This is a quick read with some historical accounts, both firsthand and second, peppered throughout. I already knew the historical facts (she said smugly) but I did enjoy the narrative way in which they were presented here. Also: pretty pictures!
As for the actual recipes, I haven't cooked any of them yet and I will certainly never be making an authentic eleven-course Titanic-themed meal for my friends and family, as the book suggests. Make your own damn Tournedos aux morilles and Homard Thermidor, buddy! However, there were a few smaller things in there that I would love to try, like the Punch Romaine--booze sorbet, yum!--and which I will probably make after Christmas, when my line of work goes back to its usual lull and the thought of shopping anywhere no longer makes me want to gouge my eyes out with a spoon.
Three stars for being interesting and a nice collectible, but docked a fourth because when you say you've "adapted the Edwardian recipes for the modern kitchen," I don't expect to have to go hunt down rose water and quail eggs to make the stuff. (Apparently quail eggs are easy to obtain? Can anyone confirm this?)...more
I found this very interesting until around the last third or so. Then the topics and the writing began to feel less intriguing. Moore does a wonderfulI found this very interesting until around the last third or so. Then the topics and the writing began to feel less intriguing. Moore does a wonderful job, for the most part, with making history read more like a drama than a textbook....more
I can’t review this book without talking excessively about myself. And I can’t review it particularly well either, because I am so distracted by the OI can’t review this book without talking excessively about myself. And I can’t review it particularly well either, because I am so distracted by the Olympics right now. Yes, literally right now. Alas!
I used to work in a bookstore. I got asked a lot of questions. Some were irritating, like “Do you have a book?” to which I always wanted to answer, “Yes, as a matter of fact I have a WHOLE BUILDING FULL OF THEM.” Or: “I’m looking for a book. I don’t remember the title or the author and I’m not sure what it was about, but I think it was an Oprah’s Book Club pick a few years ago and if I remember correctly it had a green cover with a picture of a tube sock on it. Can you find that for me?” Yes, because that is how this bookstore is organized. And our search engine totally has boxes for “color of cover” and “sock or no sock.”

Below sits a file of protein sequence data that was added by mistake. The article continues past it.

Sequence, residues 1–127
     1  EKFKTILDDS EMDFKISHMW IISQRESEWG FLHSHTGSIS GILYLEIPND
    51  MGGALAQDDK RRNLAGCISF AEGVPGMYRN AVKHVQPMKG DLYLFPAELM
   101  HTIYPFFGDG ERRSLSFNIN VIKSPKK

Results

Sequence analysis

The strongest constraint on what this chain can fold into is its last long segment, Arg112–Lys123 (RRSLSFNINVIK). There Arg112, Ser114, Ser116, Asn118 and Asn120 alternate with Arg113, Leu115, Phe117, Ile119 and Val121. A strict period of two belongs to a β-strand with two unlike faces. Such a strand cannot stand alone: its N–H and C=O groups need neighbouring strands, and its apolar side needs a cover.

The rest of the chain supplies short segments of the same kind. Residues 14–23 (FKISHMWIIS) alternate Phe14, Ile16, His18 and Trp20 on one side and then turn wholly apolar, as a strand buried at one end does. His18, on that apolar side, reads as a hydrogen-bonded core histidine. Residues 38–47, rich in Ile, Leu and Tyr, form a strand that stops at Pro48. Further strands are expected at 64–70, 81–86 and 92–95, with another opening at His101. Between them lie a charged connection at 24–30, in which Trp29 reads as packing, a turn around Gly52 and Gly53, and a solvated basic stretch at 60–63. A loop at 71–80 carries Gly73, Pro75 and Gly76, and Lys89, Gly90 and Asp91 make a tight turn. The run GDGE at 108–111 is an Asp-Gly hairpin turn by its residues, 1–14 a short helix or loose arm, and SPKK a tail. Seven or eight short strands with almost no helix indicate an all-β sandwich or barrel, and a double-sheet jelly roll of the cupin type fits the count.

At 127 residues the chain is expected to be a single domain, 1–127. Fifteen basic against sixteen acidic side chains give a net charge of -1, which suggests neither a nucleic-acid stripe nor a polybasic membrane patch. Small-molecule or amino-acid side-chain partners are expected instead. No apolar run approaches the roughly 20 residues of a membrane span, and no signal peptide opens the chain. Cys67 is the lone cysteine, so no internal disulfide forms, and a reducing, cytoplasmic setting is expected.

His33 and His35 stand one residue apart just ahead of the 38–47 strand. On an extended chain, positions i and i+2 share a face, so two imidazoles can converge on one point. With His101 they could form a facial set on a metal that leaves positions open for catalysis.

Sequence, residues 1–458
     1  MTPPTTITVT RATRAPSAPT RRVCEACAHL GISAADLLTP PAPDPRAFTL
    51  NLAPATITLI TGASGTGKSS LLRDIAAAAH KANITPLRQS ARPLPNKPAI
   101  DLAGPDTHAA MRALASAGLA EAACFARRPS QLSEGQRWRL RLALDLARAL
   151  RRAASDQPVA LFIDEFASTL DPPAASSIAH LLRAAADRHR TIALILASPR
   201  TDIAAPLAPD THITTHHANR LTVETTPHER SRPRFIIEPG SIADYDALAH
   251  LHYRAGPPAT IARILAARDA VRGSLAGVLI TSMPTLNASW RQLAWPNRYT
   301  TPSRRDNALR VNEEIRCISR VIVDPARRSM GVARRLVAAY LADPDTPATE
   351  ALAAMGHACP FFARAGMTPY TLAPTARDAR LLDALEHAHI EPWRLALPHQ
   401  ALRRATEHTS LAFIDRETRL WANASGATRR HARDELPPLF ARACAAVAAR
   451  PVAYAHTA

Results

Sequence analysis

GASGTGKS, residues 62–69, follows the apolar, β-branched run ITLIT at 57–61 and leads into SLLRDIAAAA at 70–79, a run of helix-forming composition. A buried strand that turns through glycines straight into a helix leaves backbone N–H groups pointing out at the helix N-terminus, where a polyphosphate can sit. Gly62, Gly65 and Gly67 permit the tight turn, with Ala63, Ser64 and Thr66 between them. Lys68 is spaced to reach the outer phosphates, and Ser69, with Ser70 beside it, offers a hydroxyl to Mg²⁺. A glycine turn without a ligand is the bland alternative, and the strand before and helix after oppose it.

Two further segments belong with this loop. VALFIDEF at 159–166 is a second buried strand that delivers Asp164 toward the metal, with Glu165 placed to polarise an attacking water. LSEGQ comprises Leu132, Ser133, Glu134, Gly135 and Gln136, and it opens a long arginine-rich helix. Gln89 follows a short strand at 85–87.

Some were funny, like the way-too-popular, “Do you have a copy of The Little Prince by Machiavelli?” Others made me want to punch the asker; just for the record, you should never go into a bookstore and ask the bookseller, “Can you please look this up on Amazon and tell me how much cheaper it would be to just order it from them?” Also, bookstores do not have photocopiers available for your use. You do not get to “just copy the pages I need because this book’s too expensive and I really just need the one recipe.” Go to the library for that. Or better yet, google the recipe and print it off at home.
I also had a lot of awkward, hilarious, and/or awesome conversations. From the heinous “Oh, it’s not ringing up—it must be free!” to uncomfortable conversations with people who wanted porn but apparently felt weird having a fresh-faced 20-year-old girl ring it up for them. Our favorite customer to hate, who we called Foxy Redhead Trucker, once asked me if we sold any crime books. “Fiction or nonfiction?” I asked.
He said, “I want the real stuff.”
“We have a True Crime section right over here.”
As I was leading him over to True Crime, FRT got a little more specific: “I’m looking for books about people who committed a crime and got away with it.”
A week later he came in and asked me for books on estate law in Maryland. Yikes.
I also threw teenagers out of my store for molesting a giant stuffed giraffe, dealt with parents who thought having a kids’ section meant free babysitting, and had people tell me we were committing highway robbery and they were going to go down the street to Barnes & Noble. Which, no offense to B&Ners, I never really understood. The books aren’t free there, either.
It was the best of times.
My point is that so much of Weird Things Customers Say in Bookshops might sound unbelievable but IT IS SO REAL. I laughed, groaned, and slapped my forehead in dismay. This book was both cathartic and nostalgic. It’s a quick read and just hilarious. I give it a 10!...more